Thomas Jefferson Papers

Thomas Jefferson to William Cocke, 17 April 1813

To William Cocke

Monticello April 17. 13.

I have recieved, my good old friend, your favor of Feb. 24. and rejoice to find you can still undertake distant military expeditions. it does not want much of 40. years since we were first together in the Virginia legislature. you are approaching therefore, what I have attained, the limits of the Psalmist, who says ‘the days of our years are three score years and ten.’ yet I hope it will be long before your ‘strength1 shall become ‘labour & sorrow.’ I sincerely congratulate you that your enemies have not found it so, and that you have given the Spanish Creeks a lesson which may be useful to them as well as to us. it is a great misfortune that you were not permitted to take possession of the whole country to Florida point. a sequestration of it in our hands for wrongs recieved is a measure of rigorous justice; and with an eye to our safety, it is of absolute necessity. the use they are making of it, by the colour & character of the troops they are introducing and the certainty that it will be siesed by the British, made a thorn in our side during the war, & retained permanently by them afterwards, if the Spanish power be limited, as it will be, to Europe, forbid a moment to be lost in taking it. for this blot, left open to be hit by our adversary, we are indebted, it seems, to that Sexennial spirit of the Senate, of which you and I saw so much, which has so often defeated the wisdom and patriotism of their coordinate authorities, and is destined to produce incalculable injury and danger, if not recalled to responsibility at shorter periods. but this is for days which I am not to see. they may fall within your term, and I chearfully leave them to those whom they will more concern.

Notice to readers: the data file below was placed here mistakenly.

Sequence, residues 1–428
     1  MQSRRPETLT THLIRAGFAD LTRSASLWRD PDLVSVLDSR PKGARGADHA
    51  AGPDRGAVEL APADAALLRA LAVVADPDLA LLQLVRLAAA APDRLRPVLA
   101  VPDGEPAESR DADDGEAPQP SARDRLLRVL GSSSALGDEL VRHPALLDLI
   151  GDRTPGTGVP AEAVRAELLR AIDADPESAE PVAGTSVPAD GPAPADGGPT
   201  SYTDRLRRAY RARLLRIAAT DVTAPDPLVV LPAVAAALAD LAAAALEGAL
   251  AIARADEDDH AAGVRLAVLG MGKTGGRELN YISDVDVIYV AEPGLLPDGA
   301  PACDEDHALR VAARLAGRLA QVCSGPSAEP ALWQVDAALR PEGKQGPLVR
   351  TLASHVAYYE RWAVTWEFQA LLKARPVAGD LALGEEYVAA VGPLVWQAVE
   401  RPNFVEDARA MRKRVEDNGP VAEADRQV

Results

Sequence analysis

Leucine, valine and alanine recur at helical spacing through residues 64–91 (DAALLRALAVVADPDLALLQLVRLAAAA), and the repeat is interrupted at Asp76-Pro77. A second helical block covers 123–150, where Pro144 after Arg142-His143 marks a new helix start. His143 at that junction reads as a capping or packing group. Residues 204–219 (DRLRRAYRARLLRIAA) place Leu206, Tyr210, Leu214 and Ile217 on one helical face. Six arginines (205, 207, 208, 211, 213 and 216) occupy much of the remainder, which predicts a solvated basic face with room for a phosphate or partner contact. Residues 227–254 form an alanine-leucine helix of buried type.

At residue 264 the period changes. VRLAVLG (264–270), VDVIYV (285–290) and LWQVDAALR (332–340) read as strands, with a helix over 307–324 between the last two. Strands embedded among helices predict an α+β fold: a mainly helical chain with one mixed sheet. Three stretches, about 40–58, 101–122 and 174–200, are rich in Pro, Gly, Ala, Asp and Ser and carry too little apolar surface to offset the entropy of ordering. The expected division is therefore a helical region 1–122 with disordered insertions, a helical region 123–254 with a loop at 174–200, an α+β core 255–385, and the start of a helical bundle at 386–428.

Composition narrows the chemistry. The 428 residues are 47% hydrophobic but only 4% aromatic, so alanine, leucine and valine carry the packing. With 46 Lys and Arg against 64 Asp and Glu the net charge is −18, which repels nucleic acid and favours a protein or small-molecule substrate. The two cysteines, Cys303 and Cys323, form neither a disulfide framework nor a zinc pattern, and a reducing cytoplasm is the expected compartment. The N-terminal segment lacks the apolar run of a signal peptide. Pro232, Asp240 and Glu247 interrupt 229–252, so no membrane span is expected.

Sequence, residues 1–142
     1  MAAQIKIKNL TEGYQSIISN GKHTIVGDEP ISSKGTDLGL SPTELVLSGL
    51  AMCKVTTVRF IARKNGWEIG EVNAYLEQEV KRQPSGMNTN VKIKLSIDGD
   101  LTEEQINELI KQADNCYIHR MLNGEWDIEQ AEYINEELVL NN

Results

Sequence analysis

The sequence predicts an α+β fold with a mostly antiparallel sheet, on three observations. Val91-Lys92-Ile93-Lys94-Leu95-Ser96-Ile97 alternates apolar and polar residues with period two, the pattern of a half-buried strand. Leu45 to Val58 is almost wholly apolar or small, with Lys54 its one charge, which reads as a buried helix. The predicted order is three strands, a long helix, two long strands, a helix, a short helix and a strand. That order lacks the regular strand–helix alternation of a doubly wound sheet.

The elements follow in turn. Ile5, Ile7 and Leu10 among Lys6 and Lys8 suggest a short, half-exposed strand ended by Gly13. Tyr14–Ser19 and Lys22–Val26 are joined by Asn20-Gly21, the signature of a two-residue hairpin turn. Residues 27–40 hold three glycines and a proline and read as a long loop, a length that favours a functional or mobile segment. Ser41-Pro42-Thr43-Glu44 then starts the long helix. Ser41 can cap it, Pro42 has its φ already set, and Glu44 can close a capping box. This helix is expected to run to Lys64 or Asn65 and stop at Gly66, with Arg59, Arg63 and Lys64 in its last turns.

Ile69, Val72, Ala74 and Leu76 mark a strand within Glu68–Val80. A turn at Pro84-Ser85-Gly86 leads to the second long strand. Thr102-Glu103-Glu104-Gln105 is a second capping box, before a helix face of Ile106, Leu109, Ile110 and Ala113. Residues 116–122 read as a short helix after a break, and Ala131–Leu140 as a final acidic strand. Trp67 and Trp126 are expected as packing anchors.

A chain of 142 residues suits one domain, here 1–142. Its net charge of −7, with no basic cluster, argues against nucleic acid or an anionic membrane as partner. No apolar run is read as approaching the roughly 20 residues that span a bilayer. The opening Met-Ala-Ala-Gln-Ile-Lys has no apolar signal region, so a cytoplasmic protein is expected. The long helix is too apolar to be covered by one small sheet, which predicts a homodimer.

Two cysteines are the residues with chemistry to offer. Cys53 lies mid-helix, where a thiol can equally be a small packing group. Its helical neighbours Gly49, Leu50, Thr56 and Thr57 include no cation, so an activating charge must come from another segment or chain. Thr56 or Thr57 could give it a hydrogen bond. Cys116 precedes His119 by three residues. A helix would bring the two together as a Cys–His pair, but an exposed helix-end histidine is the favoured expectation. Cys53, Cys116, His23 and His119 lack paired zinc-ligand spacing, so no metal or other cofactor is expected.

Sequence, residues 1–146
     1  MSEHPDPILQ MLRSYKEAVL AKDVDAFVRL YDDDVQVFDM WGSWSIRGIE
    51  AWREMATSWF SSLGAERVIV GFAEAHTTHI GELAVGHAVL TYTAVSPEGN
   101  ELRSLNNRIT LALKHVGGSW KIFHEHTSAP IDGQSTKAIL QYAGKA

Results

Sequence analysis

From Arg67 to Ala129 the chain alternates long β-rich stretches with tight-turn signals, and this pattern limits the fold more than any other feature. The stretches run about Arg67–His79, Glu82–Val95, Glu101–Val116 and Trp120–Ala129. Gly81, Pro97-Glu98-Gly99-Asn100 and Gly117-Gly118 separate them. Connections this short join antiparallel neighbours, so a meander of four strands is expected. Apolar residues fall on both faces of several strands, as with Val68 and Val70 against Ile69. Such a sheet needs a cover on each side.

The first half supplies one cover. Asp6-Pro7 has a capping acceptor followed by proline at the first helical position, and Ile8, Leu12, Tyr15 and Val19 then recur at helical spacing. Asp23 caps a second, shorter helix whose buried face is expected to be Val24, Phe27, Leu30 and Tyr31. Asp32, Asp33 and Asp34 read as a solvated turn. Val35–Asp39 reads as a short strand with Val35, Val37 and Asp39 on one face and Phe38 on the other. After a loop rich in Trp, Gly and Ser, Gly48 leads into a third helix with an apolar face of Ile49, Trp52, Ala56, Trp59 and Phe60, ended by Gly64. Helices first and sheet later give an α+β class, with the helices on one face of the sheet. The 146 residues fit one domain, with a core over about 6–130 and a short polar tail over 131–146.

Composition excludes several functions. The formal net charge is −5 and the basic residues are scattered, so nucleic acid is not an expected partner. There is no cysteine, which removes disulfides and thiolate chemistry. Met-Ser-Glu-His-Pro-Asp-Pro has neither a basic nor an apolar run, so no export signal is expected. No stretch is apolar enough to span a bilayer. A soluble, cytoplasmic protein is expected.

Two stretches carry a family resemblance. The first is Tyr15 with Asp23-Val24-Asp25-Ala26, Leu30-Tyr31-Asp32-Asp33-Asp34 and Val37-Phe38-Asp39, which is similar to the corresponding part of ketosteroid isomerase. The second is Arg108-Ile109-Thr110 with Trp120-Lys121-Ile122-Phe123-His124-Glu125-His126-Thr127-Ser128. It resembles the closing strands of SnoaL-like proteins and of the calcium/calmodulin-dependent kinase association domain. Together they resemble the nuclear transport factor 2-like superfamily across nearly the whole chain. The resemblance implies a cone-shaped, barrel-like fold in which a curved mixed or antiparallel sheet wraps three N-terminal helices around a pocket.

I thank you for your letter. it has revived recollections of friendship, and of joint & faithful struggles to secure & promote the freedom and prosperity of our fellow citizens. and they will be prosperous, and will be free, in despight of the parricide spirit of monarchism, masked as it is, so hypocritically, under the cloak of federalism. may you be able, when you rejoin me in the shades below, to report that ‘all is yet well, and likely to continue so.’ and, to lengthen the term of your testimony, as well as that of your life, health & happiness, may the period of your departure be as late as the laws of the animal structure will admit, short of the pain and imbecility which would render life a misery.

Th: Jefferson

PoC (DLC); at foot of first page: “Mr Cocke”; endorsed by TJ.

TJ’s quotes from the biblical psalmist are in Psalms 90.10. florida point is near the entry to Perdido Bay, along the modern boundary between Florida and Alabama. sexennial: continuing for six years or occurring every six years (OED description begins James A. H. Murray, J. A. Simpson, E. S. C. Weiner, and others, eds., The Oxford English Dictionary, 2d ed., 1989, 20 vols. description ends ).

1Omitted closing quotation mark editorially supplied.

Index Entries

  • Bible; Psalms referenced by TJ search
  • Cocke, William; and E. Fla. campaign search
  • Cocke, William; letters to search
  • East Florida; and War of1812 search
  • Federalist party; TJ on search
  • Florida; TJ on U.S. acquisition of search
  • Indians; Seminole search
  • Jefferson, Thomas; Opinions on; Federalist party search
  • Jefferson, Thomas; Opinions on; term limits search
  • Jefferson, Thomas; Opinions on; the acquisition of Florida search
  • Seminole Indians search
  • Senate, U.S.; and term limits search
  • Virginia; General Assembly search
  • War of1812; and East Florida search